Norfolk sailor and environmental journalist Laura Hampton
PUBLISHED: 15:05 12 June 2017 | UPDATED: 15:05 12 June 2017
Norfolk sailor and environmental journalist Laura Hampton swapped a cosy job with the BBC for a life on the sometimes deadly ocean waves; here, she tells us why
“All hands on deck!” was the cry from my captain as he rushed around above my cabin. Soaked to the bone in freezing sea water, I pulled on my still sopping-wet foul weather gear and staggered out into the darkness.
The seedy red light of my head torch quickly illuminated three visibly worried crew members. Hunched against the driving sleet, they worked together in silence, struggling to re-attach three of the six shore lines severed by the 80-knot winds.
The remaining lines were the only thing keeping our custom-built expedition yacht from being smashed against the rocks. Having passed out from exhaustion just 40 minutes before, I looked over to the barometer to see it still falling sharply.
Clipping my lifejacket to the jackstays that snaked around the boat, I clung on to anything I knew wouldn’t move and cause me to fall. Exposure to Antarctic waters like these could be fatal, especially at night. Sleet stung my cheeks as I pulled on goggles to help me see.
My home had gone from being a safe space to a potential floating coffin. Our yellow survival bags lay ominously to the right of the pilot house door. Water, food, radios, medical kits and warm clothes; all vital supplies when abandoning ship.
I’d never expected that sailing in the Southern Ocean and around Antarctica would be a walk in the park, but I hadn’t expected this. What on earth had led me to leave my comfortable job in TV news at the BBC in Tunbridge Wells?
That was over four years ago, and since then I have circled the globe reporting on a range of water-based issues.
I’ve covered the Volvo Ocean Race for BBC Sport, revealed the secrets of the Mariana Trench for the New Scientist, and reported first hand on the bleaching of the Great Barrier Reef for BBC Radio 4.
My passion is to combine my experience of the oceans with the pressing realisation of our need to protect them. Think of the world without an ocean and you’ve got a planet much like Mars. No ocean. No us. Covering over 70% of the earth’s surface our oceans produce more than half of the oxygen in the atmosphere, and absorb large amounts of the carbon we create from the burning of fossil fuels.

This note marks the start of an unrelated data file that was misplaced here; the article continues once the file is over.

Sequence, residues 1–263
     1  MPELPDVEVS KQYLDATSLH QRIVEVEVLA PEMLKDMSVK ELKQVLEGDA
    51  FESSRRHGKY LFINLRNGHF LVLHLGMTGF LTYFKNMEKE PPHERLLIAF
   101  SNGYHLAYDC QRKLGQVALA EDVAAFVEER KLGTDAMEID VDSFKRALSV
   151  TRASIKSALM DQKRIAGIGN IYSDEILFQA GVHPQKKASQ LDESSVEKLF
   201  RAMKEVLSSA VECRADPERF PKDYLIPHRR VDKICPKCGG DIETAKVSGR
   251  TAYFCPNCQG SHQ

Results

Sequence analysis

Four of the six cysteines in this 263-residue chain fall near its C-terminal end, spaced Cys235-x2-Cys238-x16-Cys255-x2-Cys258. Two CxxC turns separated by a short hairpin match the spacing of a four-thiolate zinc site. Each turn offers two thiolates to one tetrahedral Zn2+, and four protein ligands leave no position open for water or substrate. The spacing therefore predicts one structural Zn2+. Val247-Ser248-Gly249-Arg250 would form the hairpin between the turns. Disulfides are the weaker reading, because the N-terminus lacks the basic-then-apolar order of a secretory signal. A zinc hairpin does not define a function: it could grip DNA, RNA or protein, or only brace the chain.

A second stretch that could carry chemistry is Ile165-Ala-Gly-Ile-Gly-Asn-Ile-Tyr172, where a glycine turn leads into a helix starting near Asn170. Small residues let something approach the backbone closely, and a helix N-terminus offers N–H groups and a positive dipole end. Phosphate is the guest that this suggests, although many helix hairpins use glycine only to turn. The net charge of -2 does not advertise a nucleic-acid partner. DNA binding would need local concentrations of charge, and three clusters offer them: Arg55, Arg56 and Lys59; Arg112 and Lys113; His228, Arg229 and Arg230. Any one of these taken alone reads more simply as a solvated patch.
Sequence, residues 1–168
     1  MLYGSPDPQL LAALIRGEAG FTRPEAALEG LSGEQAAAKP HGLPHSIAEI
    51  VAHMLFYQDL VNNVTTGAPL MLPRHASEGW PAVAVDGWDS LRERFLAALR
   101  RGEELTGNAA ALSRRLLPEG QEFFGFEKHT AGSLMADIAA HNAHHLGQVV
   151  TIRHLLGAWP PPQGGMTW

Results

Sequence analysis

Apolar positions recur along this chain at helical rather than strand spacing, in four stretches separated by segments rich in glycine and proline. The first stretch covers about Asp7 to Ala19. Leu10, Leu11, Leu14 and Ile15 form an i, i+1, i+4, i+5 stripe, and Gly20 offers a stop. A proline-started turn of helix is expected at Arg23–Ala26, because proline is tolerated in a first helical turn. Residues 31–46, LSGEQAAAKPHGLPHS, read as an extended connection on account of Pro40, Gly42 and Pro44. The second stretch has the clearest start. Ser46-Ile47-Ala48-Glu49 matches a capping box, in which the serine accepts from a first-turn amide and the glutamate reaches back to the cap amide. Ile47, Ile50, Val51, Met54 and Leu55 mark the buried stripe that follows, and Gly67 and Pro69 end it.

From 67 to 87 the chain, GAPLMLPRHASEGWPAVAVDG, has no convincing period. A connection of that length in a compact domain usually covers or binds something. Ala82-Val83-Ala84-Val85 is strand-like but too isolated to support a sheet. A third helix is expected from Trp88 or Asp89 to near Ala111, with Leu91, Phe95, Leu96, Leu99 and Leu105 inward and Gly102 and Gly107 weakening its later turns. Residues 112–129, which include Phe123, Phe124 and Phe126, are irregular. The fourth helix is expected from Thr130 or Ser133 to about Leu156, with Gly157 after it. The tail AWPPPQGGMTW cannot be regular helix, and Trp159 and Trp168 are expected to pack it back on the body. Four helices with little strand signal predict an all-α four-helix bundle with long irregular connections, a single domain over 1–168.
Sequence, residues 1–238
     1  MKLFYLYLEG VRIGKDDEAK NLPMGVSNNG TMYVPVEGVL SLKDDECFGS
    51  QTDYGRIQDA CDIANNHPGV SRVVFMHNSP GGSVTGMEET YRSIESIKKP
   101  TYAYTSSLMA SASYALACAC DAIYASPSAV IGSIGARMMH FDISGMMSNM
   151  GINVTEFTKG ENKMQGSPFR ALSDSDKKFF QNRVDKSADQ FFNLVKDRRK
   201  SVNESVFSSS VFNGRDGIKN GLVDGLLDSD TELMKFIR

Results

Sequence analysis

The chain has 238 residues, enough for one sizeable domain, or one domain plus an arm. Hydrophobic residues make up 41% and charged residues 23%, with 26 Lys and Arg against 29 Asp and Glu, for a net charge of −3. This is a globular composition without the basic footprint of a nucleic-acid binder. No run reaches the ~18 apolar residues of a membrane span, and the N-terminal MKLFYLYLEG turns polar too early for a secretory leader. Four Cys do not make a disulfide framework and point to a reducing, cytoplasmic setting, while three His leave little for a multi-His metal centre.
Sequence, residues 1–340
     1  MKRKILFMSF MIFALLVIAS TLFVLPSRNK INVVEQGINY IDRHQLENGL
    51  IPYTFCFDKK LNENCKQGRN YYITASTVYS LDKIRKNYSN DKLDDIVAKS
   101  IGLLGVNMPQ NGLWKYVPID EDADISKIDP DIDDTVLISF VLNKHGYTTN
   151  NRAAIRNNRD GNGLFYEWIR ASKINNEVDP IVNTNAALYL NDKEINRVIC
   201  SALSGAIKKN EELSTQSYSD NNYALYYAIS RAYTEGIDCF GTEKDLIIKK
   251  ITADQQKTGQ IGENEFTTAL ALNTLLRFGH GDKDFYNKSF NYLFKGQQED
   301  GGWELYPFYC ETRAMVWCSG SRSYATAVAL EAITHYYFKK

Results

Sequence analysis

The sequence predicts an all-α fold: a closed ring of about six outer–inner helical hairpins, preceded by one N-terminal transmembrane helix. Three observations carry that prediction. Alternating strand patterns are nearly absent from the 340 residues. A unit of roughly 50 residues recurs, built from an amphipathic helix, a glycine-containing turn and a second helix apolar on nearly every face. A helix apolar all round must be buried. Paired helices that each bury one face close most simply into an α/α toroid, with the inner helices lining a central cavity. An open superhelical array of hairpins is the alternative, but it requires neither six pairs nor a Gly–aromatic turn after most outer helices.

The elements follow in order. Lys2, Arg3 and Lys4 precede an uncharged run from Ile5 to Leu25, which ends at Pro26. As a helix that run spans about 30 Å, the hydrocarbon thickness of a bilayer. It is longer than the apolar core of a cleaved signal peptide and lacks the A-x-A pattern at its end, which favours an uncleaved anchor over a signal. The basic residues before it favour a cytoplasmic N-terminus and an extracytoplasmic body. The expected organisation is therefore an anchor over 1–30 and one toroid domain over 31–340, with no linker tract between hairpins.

Over a billion people depend on seafood as their primary source of protein, yet despite this we are failing to see how significant a healthy ocean is to our future on this planet. We know more about the surface of Mars, for example, than we do about the deep ocean.
My next trip will be to the Bahamas with the National Oceanography Centre to look at how carbon is circulated in the north Atlantic. It is thought that, as the oceans warm, their ability to lock away carbon will decrease. This could have major implications for further global warming. We’ll be at sea for a total of 40 days with over 50 scientists and crew.
I’ll then be swapping my swimmers for a full body thermal survival suit as I head North once again, this time by yacht to report on the impact of climate change on the central Arctic Ocean with the polar explorer Pen Hadow.
Meanwhile back on the boat, my shipmates had begun to bring the situation back under control. The boat began to steady as a huge amber sun peeked its way over rocks which, just hours before, would have spelled certain death for us all.
Now they formed a beautiful Antarctic spectacle as I looked to see hundreds of Gentoo penguins gathered to survey us silly humans floundering around on our boat. I started to think that cosy studio in Tunbridge Wells didn’t seem so appealing after all.
Laura Hampton was born and raised in Norfolk. She spent a very happy childhood growing up on the North Norfolk Coast, first attended Kelling County Primary before going on to Sheringham High, Paston Sixth Form College (where her Grandfather taught classics) and ending up at the University of Westminster for both her degree and masters.
Laura remained in London, to work in PR, before deciding to return to journalism. She started her career at North Norfolk Radio before getting a job with the BBC, first in radio and then in TV.
After several years working in news at the BBC, Laura resigned to re-train as a professional yacht captain. She spent over two years sailing in Antarctica, and a further six months in the Arctic.
Now specialising in science and adventure, Laura writes for the New Scientist and produces multi-media content for the BBC.
Laura is currently looking into undertaking further study, this time at the Scott Polar Research Institute at Cambridge University.
She enjoys tennis, horse riding, long country walks, Stiffkey beach and drinking pints with her friends at her local pub, The Earle in Heydon.